Urocerus flavicornis - Yellow-horned Horntail

Britain is not part of the natural range of this widespread Nearctic species. Stephens (1835) reported examples taken in and near London in August not mentioning which year. There have been no subsequent records at time of review. Some authors treat flavicornis as a subspecies of Urocerus gigas so the occasional introduction of flavicornis could be overlooked (Musgrove, 2022).

The eye spots on the head are widely separated as in gigas. The female abdomen is yellow to reddish brown on tergite 2, 7 and 8 (in the basal half) with the remainder black. The male abdomen is yellow with black basally and apically.

Urocerus flavicornis larvae feed in timber of coniferous trees and take 2 to 3 years to develop.

Jump to other Urocerus species

Size: 12 - 40mm

GB IUCN Status: Not Applicable
GB Rarity Status: Not Applicable

Distribution: England

Flight period: June to October

Plant associations: Pinaceae (coniferous trees)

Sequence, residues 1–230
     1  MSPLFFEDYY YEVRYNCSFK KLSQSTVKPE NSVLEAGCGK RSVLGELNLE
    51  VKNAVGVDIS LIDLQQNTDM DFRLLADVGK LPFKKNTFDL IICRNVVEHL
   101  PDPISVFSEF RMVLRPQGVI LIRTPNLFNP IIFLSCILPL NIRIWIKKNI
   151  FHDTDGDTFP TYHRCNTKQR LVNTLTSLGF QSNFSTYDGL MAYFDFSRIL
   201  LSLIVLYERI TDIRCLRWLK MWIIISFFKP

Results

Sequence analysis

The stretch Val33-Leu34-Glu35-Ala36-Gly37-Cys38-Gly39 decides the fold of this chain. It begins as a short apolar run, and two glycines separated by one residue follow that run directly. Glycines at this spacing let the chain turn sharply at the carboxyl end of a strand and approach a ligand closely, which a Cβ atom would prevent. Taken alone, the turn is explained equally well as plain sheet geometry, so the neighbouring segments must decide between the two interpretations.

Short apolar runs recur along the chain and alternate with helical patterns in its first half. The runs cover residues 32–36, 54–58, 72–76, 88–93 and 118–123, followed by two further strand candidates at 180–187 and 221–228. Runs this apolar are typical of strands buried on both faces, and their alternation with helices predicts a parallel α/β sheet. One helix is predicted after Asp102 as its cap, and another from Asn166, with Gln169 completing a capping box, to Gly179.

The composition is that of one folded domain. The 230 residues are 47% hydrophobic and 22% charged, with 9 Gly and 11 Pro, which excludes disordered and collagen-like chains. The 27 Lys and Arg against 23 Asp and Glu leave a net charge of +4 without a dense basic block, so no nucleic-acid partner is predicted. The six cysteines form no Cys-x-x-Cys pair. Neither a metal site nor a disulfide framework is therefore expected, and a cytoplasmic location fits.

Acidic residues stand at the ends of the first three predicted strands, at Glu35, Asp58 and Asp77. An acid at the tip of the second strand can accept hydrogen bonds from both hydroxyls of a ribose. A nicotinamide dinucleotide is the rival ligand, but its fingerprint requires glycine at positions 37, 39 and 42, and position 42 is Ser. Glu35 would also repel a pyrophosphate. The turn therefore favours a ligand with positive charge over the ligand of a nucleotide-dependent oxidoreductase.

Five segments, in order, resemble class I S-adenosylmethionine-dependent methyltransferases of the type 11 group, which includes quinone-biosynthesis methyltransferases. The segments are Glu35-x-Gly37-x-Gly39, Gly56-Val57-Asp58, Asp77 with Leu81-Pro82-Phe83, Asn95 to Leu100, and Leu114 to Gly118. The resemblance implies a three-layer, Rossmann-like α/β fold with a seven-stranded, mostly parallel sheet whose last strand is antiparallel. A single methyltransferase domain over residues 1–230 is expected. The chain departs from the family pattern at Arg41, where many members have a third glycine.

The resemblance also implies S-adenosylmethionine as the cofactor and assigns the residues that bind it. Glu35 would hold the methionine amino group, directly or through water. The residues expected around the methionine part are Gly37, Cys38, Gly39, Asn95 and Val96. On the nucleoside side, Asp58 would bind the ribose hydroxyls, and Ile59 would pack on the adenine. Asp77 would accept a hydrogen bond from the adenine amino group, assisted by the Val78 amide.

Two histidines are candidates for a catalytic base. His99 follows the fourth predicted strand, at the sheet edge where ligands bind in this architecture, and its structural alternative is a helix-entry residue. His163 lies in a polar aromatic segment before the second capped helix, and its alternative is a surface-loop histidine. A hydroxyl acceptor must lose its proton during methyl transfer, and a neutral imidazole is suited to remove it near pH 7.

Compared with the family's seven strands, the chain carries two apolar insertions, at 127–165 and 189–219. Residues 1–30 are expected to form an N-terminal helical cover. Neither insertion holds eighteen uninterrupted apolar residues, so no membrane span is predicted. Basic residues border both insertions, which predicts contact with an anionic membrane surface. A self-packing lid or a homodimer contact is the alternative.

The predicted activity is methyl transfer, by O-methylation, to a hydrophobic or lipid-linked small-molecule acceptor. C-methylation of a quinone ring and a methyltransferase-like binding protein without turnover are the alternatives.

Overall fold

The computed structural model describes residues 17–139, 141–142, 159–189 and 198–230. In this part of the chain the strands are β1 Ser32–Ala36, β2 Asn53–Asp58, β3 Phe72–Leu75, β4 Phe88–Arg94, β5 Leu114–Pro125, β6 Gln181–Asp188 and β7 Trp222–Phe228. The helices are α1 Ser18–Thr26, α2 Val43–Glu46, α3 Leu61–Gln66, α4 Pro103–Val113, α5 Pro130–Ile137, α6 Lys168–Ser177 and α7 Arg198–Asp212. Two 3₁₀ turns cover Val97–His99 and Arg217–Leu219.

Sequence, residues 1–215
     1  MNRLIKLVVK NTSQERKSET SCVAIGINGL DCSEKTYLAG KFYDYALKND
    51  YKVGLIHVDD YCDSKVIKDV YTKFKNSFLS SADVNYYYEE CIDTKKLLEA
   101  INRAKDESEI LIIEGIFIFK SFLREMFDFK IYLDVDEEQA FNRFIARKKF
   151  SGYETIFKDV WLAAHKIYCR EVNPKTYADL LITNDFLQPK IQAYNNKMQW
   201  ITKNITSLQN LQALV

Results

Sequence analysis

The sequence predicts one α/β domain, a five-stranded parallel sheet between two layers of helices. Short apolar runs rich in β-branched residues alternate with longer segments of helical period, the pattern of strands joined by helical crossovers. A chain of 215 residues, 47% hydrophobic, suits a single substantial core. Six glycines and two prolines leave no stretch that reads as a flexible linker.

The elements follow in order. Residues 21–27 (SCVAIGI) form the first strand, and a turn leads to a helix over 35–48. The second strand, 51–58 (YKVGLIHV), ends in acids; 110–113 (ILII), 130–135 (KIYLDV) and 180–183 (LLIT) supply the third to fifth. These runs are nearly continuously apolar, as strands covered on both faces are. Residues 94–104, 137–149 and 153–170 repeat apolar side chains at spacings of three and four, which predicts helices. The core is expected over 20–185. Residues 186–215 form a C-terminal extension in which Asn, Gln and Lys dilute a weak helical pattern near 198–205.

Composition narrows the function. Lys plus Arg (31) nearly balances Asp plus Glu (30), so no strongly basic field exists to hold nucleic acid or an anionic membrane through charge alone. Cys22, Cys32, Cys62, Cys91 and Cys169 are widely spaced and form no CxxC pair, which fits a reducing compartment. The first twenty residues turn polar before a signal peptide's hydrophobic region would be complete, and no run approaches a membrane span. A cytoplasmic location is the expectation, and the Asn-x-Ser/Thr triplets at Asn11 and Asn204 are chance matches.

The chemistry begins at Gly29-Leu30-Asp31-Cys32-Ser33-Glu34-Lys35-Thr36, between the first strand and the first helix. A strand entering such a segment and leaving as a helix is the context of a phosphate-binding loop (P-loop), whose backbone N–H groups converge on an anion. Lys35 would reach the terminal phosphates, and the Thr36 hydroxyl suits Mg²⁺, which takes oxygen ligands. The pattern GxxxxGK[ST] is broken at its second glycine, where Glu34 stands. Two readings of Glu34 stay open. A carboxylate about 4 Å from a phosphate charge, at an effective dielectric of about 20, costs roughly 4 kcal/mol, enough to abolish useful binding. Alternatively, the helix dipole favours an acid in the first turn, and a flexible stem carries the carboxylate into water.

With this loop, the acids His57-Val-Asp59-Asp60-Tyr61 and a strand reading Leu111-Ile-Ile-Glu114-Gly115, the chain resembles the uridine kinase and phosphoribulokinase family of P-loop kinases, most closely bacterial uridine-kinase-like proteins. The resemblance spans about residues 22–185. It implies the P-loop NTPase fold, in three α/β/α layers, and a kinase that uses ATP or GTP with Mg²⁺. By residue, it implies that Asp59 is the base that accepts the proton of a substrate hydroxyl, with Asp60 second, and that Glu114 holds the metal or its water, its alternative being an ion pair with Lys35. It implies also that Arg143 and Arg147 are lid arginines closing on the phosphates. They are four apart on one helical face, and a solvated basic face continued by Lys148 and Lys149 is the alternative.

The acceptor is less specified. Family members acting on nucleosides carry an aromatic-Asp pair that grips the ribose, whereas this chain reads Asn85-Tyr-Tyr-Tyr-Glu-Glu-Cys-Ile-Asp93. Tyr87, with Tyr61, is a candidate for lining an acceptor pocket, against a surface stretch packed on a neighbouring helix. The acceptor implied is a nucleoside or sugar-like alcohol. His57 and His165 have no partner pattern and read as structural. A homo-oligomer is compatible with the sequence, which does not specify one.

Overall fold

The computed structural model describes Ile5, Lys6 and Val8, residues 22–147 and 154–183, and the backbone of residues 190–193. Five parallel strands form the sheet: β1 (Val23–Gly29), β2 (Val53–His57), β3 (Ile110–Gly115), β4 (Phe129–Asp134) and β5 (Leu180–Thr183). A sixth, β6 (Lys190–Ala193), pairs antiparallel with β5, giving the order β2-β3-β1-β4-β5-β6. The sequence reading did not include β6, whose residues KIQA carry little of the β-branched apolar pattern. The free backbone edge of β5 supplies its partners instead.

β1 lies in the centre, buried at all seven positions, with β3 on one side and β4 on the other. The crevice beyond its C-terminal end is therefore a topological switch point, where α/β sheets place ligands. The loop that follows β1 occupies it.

References:

Benson, R.B., 1952. Handbooks for the Identification of British Insects. Hymenoptera, Symphyta, Vol 6, Section 2(a-c), Royal Entomological Society, London

Liston A, Knight G, Sheppard D, Broad G, Livermore L (2014) Checklist of British and Irish Hymenoptera - Sawflies, ‘Symphyta’. Biodiversity Data Journal 2: e1168. https://doi.org/10.3897/BDJ.2.e1168

Musgrove, A.J. 2022. A review of the status of sawflies of Great Britain - Phase 1: families other than Tenthredinidae. Natural England, unpublished

Schiff, N.M., Goulet, H., Smith, D.R., Boudreault, C., Wilson, A.D. and Scheffler, B.E., 2012. Siricidae (Hymenoptera: Symphyta: Siricoidea) of the western hemisphere. Canadian Journal of Arthropod Identification 21: 1-305, 21, pp.1-305.